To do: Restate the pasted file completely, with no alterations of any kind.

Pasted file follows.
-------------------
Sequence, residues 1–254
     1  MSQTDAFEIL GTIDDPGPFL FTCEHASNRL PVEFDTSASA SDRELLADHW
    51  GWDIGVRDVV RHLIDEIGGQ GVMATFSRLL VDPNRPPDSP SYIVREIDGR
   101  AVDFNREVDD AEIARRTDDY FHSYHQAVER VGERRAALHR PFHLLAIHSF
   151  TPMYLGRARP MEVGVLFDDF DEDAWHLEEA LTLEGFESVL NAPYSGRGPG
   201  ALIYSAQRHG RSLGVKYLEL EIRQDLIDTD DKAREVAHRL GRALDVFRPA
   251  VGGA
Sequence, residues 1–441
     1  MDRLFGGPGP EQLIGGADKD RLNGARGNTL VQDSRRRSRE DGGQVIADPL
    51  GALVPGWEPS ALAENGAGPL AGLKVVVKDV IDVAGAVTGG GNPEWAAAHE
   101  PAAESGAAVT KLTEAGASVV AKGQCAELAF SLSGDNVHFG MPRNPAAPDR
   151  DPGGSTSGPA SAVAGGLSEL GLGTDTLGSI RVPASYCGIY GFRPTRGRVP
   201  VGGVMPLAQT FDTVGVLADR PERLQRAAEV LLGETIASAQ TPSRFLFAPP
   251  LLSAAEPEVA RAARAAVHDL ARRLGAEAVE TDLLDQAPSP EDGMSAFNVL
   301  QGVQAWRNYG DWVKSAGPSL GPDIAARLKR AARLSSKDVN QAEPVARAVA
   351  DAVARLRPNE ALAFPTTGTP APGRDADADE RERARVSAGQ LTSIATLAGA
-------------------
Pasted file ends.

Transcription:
Sequence, residues 1–254
     1  MSQTDAFEIL GTIDDPGPFL FTCEHASNRL PVEFDTSASA SDRELLADHW
    51  GWDIGVRDVV RHLIDEIGGQ GVMATFSRLL VDPNRPPDSP SYIVREIDGR
   101  AVDFNREVDD AEIARRTDDY FHSYHQAVER VGERRAALHR PFHLLAIHSF
   151  TPMYLGRARP MEVGVLFDDF DEDAWHLEEA LTLEGFESVL NAPYSGRGPG
   201  ALIYSAQRHG RSLGVKYLEL EIRQDLIDTD DKAREVAHRL GRALDVFRPA
   251  VGGA
Sequence, residues 1–441
     1  MDRLFGGPGP EQLIGGADKD RLNGARGNTL VQDSRRRSRE DGGQVIADPL
    51  GALVPGWEPS ALAENGAGPL AGLKVVVKDV IDVAGAVTGG GNPEWAAAHE
   101  PAAESGAAVT KLTEAGASVV AKGQCAELAF SLSGDNVHFG MPRNPAAPDR
   151  DPGGSTSGPA SAVAGGLSEL GLGTDTLGSI RVPASYCGIY GFRPTRGRVP
   201  VGGVMPLAQT FDTVGVLADR PERLQRAAEV LLGETIASAQ TPSRFLFAPP
   251  LLSAAEPEVA RAARAAVHDL ARRLGAEAVE TDLLDQAPSP EDGMSAFNVL
   301  QGVQAWRNYG DWVKSAGPSL GPDIAARLKR AARLSSKDVN QAEPVARAVA
   351  DAVARLRPNE ALAFPTTGTP APGRDADADE RERARVSAGQ LTSIATLAGA